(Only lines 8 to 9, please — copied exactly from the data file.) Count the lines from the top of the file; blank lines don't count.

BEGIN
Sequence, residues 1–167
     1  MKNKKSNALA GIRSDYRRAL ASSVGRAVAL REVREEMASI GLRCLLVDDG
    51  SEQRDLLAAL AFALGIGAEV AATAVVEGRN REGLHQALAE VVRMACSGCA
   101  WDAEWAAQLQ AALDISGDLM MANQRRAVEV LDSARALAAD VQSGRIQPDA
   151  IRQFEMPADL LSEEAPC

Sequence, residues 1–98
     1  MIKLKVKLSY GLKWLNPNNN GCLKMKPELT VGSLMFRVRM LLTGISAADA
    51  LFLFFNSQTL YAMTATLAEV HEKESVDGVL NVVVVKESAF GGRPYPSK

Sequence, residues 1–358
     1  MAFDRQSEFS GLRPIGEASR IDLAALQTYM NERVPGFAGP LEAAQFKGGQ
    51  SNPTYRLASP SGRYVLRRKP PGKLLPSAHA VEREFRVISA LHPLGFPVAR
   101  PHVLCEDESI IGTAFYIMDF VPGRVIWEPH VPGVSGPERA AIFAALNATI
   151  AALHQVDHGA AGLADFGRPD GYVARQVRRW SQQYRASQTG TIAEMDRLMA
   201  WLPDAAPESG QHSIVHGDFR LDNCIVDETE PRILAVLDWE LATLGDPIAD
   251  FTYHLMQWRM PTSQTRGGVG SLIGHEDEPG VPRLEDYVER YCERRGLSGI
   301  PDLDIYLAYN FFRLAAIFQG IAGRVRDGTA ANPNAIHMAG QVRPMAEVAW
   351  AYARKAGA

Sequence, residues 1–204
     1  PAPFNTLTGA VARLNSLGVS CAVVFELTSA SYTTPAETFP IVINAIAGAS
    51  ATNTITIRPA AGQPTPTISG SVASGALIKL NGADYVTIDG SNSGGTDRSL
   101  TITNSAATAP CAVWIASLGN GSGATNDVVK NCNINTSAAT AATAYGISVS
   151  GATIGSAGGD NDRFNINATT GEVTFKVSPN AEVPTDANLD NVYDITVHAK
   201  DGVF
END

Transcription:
    51  LFLFFNSQTL YAMTATLAEV HEKESVDGVL NVVVVKESAF GGRPYPSK

Sequence, residues 1–358